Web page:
Hernandez was academically dismissed from UC Merced because his grade-point average dropped below 2.0. He enrolled at Merced College to take the courses he needed to get back into the university.
But he’s had a hard time getting some of those classes.
“What I should have done in a year, is now taking me longer,” the 22-year-old said.
The California Community College Board of Governors met Monday to discuss an enrollment priority policy, but Merced College has gone ahead and developed its own. It went into effect this summer.
The policy is meant to help students stay focused on their education.
Acting President Anne Newins said officials at Merced College began to discuss the issue last year and decided they didn’t want to wait two or three years for the statewide college board to act.
If the statewide policy discussed Monday by the board moves forward, it could be implemented in fall of 2014. If it goes into effect, Merced College will have to make slight modifications to its policy.
The policy at Merced College gives enrollment priority to four groups, including certain veterans, disabled students, former foster youths and members of the college’s Extended Opportunity Program and Services, Newins said.
Students who have a high GPA and those making good progress toward their degree are higher on the list for priority registration. “We also took the approach of recognizing good student performance,” she said.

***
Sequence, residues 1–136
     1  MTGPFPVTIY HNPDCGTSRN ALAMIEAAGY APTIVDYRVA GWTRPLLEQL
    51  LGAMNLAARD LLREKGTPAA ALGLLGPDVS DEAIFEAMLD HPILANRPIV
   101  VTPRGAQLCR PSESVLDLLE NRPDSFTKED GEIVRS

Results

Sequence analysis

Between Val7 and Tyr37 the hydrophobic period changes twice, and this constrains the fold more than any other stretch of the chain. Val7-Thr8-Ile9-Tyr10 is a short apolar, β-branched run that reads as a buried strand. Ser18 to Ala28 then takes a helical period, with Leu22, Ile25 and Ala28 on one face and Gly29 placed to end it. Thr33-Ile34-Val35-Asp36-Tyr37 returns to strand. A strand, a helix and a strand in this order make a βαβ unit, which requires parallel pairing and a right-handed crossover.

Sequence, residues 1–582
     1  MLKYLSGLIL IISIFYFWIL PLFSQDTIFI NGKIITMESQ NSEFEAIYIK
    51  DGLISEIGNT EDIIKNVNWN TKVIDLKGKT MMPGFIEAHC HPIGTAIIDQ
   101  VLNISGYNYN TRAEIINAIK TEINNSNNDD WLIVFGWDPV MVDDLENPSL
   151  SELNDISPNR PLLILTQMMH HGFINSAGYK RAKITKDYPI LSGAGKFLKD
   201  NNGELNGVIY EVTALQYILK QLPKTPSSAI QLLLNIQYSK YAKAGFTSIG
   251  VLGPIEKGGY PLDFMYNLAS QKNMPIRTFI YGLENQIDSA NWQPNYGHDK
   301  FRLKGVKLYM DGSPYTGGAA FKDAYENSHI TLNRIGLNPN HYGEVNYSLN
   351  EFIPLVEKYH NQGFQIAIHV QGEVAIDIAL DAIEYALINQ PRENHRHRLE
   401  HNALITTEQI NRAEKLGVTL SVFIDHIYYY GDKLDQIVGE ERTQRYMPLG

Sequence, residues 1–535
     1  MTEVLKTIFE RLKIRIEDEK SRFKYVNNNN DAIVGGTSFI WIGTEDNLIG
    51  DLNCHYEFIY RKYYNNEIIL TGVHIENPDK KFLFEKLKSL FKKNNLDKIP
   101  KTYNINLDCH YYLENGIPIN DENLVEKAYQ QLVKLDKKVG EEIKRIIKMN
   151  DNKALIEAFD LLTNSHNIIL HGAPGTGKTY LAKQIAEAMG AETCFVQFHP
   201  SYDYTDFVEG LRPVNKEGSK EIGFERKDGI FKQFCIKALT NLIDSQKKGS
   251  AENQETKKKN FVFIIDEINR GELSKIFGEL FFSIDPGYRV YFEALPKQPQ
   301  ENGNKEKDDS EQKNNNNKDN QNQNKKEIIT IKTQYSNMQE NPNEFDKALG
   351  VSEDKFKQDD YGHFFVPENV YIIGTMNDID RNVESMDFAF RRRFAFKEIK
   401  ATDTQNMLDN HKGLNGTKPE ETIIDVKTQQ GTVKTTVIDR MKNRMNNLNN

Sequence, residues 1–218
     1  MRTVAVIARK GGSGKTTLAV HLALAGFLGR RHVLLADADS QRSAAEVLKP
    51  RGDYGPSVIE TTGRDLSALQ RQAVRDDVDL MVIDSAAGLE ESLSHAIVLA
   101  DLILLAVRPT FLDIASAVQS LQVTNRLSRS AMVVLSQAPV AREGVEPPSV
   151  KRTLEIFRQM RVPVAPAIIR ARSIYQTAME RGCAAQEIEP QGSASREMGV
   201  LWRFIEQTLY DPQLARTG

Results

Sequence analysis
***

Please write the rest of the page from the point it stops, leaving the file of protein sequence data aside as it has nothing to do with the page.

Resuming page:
College students with 110 units or more and new students are toward the bottom of the list, Newins said. Students at the end of the list are those who are still in high school, but want to take college courses.
Before the Merced policy went into effect, students with the most units were given higher priority, Newins said. That sometimes prevented students with less units, but who were closer to graduating, from enrolling in the classes they needed, she said.
Students could have many units for various reasons, Newins said.
For example, they could be getting multiple degrees or could be “professional students” who like taking courses but don’t have a particular goal in mind.
The Merced policy is designed to keep students focused on taking the right classes. Newins said that eventually will lead to fewer students taking an excessive number of classes.
Hernandez said sometimes there are students who are interested in the financial aid money, so they will enroll in classes and then drop them later — preventing others from getting courses they need.
He said the Merced policy should help, but he acknowledged it could have a negative impact on some students who are working hard and have piled up a lot of units.
One of those students is David Venegas. The 26-year-old has been taking courses at Merced College for five years.
Because of the high number of units he has, Venegas wasn’t going to be able to enroll in two of three classes he needed to transfer to UC Merced.
However, Venegas was able to talk to his professors prior to enrollment and got into the classes he needed.
Although it worked out, Venegas said the policy had an impact on him. “That has affected me,” he said.
Reporter Yesenia Amaro can be reached at (209) 385-2482 or email@example.com.
©2012 the Merced Sun-Star (Merced, Calif.)
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